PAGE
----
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Juneteenth

  • Published
  • By 2nd Lieutenant Esther Min
  • 47th Flying Training Wing public affairs

Juneteenth National Independence Day, as of June 17, 2021, was signed into law by President Joe Biden as a federal holiday that recognizes the ending of slavery in the United States.

 

On June 19, 1865, federal troops arrived in Galveston, Texas after the surrender of Confederate general Robert E. Lee. During this historical moment, Union general Gordon Granger informed the people of their freedom and the end of the Civil War with the issue of the General Order No. 3.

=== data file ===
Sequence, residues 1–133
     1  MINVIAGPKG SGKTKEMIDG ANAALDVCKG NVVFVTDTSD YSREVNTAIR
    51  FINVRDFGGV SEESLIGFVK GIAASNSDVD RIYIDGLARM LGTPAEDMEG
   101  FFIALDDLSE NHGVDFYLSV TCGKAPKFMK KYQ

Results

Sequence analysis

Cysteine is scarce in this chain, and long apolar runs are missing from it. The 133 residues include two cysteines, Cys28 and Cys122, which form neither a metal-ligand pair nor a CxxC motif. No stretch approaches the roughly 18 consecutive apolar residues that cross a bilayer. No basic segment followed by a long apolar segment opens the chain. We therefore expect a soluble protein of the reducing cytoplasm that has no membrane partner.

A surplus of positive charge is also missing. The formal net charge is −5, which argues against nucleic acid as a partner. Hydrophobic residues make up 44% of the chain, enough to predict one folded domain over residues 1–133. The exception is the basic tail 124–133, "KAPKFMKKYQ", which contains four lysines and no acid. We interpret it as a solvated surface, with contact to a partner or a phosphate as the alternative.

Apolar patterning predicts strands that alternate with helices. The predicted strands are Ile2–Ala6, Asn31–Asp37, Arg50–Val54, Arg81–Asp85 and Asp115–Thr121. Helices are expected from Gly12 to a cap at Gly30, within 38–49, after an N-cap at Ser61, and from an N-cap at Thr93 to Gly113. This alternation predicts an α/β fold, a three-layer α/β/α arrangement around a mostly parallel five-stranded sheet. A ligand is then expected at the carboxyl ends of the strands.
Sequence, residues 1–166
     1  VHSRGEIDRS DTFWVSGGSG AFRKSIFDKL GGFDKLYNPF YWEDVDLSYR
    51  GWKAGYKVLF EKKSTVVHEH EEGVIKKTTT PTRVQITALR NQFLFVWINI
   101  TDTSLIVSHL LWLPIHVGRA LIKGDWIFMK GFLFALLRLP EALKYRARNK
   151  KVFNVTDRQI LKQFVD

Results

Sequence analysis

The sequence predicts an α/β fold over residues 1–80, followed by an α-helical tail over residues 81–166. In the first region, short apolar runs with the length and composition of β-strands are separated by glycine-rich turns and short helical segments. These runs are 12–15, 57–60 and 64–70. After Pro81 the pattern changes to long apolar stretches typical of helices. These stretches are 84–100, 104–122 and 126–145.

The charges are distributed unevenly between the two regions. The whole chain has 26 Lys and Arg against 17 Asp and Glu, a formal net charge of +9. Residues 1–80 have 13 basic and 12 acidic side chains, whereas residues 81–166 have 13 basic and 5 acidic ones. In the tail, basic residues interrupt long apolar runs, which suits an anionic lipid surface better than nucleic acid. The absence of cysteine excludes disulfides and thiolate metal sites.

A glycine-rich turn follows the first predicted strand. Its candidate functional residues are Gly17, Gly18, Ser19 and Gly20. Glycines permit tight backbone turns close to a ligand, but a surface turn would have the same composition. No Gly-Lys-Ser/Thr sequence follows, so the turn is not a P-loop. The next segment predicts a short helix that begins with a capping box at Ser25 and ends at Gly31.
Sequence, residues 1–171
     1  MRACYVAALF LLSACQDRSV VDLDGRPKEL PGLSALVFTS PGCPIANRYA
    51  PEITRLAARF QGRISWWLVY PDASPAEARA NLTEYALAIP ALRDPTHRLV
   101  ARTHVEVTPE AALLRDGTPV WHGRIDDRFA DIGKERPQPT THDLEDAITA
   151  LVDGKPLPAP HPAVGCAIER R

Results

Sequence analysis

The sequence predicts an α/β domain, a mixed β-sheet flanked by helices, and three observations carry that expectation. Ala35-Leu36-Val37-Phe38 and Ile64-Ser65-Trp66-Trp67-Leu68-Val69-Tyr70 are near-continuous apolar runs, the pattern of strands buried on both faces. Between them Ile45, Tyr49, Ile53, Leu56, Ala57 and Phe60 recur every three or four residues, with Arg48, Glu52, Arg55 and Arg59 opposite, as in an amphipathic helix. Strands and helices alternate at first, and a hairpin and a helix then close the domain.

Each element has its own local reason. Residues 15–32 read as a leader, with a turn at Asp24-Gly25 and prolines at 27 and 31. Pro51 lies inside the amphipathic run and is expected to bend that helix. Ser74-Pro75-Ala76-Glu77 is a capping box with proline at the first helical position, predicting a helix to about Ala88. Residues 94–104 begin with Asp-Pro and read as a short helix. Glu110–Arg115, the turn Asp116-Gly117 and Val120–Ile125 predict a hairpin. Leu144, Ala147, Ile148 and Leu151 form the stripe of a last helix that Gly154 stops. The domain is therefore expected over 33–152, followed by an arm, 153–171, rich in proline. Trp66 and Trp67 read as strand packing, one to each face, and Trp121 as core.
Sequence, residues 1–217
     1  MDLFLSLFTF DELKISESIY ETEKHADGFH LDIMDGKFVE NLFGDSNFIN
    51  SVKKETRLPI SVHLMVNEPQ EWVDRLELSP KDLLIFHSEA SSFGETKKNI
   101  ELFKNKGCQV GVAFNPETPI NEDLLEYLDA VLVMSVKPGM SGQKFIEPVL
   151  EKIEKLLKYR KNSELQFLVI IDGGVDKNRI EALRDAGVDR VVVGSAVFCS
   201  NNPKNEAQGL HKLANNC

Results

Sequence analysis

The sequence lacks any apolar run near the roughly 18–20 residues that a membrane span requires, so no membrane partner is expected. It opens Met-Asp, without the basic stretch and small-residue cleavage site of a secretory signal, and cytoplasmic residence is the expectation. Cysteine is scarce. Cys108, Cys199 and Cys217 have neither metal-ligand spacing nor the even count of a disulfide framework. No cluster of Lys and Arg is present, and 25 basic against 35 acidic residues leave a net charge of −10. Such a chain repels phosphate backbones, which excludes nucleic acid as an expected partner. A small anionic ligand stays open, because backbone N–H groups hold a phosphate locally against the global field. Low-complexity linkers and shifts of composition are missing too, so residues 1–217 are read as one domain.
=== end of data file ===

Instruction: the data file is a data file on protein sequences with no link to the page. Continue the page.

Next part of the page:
“The people of Texas are informed that, in accordance with a proclamation from the Executive of the United States, all slaves are free...”

 

Although the Emancipation Proclamation was issued in 1863, the news of it finally reached the ears of the people in the Confederate territory more than two years later when the Union troops arrived in Texas.

 

Juneteenth serves to observe not only the date that ended slavery, but as the holiday that was recognized first by the state of Texas.

 

In honor of the holiday on June 19, 2021, Public Affairs went around Laughlin AFB to ask local base members what Juneteenth meant to them.